The advantages of the insert of the present invention are further enhanced by providing a plurality of notches in the circumference of the base, the notches extending from the radially extending planar forward surface of the base to a rearward surface of the base such that the outer portion of the base is divided into a plurality of spaced flanges. The provision of the notches allows particles of hardened material loosened by the cutting tip to erode grooves in the tool body behind the cutting tip corresponding to the notches. The grooves in the tool body serve to channel particles of loosened material along the tool body without causing further washaway of the tool body. The grooves which become worn in the tool body may also facilitate rotation of the tool, thereby insuring that the cutting tip of the tool becomes evenly worn around the circumference thereof so as to maximize its useful life. The flanges that make up the outer portion of the base shield the remaining circumference of the tool body from erosion or washaway.

The peripheral portions of the enlarged diameter base provide a better mechanical advantage for supporting the base than has been available with prior art inserts, and as a result, there is a lesser incidence of failure at the braze joints. Also, the breaking strength of the insert can be further improved by providing a thicker base.

BRIEF DESCRIPTION OF THE DRAWINGS

A better understanding of the present invention will be had from a reading of the following detailed description taken in conjunction with the drawings, wherein:

FIG. 1 is a schematic view of a drum of a milling machine having tool mountings for retaining tools thereon;

FIG. 2 is a side elevational view, partially in cross-section, of a tool in accordance with the prior art used on the drum of the milling machine shown in FIG. 1;

FIG. 3 is an enlarged side elevational view of the insert in the seat of the tool shown in FIG. 2;

FIG. 4 is a cross-sectional view of the grooves cut in a hard surface by prior art tools on the drum shown in FIG. 1;

FIG. 5 is a side elevational view of a tool in accordance with the prior art that has suffered washaway of the tool body giving it an hourglass appearance;

FIG. 6 is a side elevational view of a tool fitted with an insert in accordance with the present invention;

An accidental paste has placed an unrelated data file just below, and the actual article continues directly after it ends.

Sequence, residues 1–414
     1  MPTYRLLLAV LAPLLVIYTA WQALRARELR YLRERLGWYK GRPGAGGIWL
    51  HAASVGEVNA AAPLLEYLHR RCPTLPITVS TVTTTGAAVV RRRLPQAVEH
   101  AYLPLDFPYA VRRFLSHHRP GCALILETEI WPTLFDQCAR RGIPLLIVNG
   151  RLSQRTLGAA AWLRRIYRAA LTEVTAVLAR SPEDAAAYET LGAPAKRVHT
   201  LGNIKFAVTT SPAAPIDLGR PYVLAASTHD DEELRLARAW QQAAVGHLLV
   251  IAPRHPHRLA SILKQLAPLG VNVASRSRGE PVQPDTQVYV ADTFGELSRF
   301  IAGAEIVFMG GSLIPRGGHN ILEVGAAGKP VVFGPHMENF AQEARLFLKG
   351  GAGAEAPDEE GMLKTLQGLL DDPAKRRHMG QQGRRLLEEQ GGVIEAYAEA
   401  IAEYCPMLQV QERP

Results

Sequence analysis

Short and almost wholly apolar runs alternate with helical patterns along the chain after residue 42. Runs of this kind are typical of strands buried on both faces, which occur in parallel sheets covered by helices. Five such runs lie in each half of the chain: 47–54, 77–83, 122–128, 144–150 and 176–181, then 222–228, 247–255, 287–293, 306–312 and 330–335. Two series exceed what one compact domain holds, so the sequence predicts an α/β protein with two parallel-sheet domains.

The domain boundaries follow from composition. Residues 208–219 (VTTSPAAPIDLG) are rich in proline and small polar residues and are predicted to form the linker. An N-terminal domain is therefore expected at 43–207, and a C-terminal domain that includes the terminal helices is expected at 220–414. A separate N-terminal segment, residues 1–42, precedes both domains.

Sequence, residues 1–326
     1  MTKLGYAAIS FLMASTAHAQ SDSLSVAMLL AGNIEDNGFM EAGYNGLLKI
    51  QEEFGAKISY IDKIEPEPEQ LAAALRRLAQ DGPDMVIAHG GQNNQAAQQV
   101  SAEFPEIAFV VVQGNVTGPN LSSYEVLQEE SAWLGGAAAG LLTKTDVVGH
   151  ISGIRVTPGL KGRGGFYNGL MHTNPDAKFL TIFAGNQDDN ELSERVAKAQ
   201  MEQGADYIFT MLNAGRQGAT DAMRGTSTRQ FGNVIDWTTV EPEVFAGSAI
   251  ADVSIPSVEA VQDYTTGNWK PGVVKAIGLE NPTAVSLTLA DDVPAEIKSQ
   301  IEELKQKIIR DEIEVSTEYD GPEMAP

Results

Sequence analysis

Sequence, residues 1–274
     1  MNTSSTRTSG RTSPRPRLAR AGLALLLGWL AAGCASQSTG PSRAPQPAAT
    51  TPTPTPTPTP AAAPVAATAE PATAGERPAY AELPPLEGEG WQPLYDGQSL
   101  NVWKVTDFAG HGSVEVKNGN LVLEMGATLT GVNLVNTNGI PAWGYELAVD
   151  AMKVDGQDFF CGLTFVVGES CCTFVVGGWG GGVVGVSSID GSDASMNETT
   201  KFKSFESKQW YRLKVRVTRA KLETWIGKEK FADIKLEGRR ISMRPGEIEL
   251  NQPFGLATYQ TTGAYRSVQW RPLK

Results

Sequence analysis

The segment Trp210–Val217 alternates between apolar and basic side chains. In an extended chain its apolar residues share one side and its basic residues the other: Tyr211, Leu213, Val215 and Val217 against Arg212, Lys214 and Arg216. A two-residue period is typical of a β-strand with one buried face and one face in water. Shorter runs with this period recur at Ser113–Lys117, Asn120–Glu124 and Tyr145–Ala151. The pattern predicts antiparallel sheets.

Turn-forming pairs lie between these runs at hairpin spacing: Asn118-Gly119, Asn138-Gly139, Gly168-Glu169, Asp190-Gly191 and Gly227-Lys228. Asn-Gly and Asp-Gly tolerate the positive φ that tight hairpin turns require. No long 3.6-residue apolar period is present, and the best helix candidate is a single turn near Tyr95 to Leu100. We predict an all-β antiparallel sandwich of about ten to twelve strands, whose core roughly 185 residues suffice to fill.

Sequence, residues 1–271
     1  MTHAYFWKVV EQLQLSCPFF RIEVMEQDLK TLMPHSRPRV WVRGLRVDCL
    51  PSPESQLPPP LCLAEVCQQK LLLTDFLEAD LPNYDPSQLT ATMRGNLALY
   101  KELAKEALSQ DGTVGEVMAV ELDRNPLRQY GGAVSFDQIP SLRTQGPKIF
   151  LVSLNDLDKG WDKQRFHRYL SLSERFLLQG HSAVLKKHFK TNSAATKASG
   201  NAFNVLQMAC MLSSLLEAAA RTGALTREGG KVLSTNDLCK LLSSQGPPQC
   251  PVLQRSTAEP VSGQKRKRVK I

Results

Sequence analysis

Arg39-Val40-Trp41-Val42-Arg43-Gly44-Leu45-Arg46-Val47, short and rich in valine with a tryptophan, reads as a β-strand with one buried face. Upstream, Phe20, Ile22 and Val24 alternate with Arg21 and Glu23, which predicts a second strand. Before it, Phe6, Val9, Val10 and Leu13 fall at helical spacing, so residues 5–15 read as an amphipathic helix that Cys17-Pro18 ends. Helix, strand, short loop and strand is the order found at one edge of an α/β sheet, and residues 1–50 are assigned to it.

FIG. 7 is a front view of the insert fitted into the seat of the tool shown in FIG. 6;

FIG. 8 is a side-elevational view of the insert shown in FIG. 7;

FIG. 9 is a cross-sectional view of the grooves cut in a hard surface by tools shown in FIG. 6 mounted on the drum shown in FIG. 1;

FIG. 10 is an isometric view of the forward end of a tool body fitted with the insert shown in FIG. 7 after the tool body has endured some wear;

FIG. 10A is a side-elevational view of the tool shown in FIG. 10 prior to incurring wear;

FIG. 10B is a front-end view of the tool shown in FIG. 10 prior to incurring wear;

FIG. 10C is a side-elevational view of the tool shown in FIG. 10A after it has incurred a small amount of wear;

FIG. 10D is a front view of the slightly worn tool shown in FIG. 10C;

FIG. 10E is a side-elevational view of the tool shown in FIG. 10A after it has incurred more wear than shown in FIG. 10C;

FIG. 10F is a front view of the partially worn tool shown in FIG. 10E;

FIG. 10G is a side-elevational view of the tool shown in FIG. 10A after it has become fully worn and in need of replacement;

FIG. 10H is a side-elevational view of the worn tool shown in FIG. 10G;

FIG. 11 is an enlarged, fragmentary, partially cross-sectional view of the insert shown in FIG. 7 taken through line 1111 thereof;

FIG. 12 is a front-end view of another insert in accordance with the invention showing a four-flange configuration;

FIG. 13 is a front-end view of another insert in accordance with the invention, the insert having three flanges that scribe more than fifty percent of the circumference of the cylinder defined by the outer surface;

FIG. 14 is a front-end view of another configuration of flanges in accordance with the invention;

FIG. 15 is a front-end view of another configuration of flanges in accordance with the invention;

FIG. 16 is a front-end view of a configuration of flanges in accordance with the invention where the flanges scribe less than fifty percent of the circumference of the cylinder defined by the outer surface thereof;

FIG. 17 is a front-end view of an insert in accordance with the invention that is without indentation in the base;

FIG. 18 is a side-elevational view of the insert shown in FIG. 17;

FIG. 19 is a side-elevational view of another insert embodying the present invention;

FIG. 20 is a front view of the insert shown in FIG. 19;

FIG. 21 is a fragmentary cross-sectional view of the insert shown in FIG. 19 taken through line 2121 of FIG. 20;

FIG. 22 is a front view showing another configuration of flanges on an insert in accordance with the invention;

FIG. 23 is a side-elevational view of yet another insert in accordance with the invention; and

FIG. 24 is a front view of the insert shown in FIG. 23.

DETAILED DESCRIPTION OF A PREFERRED EMBODIMENT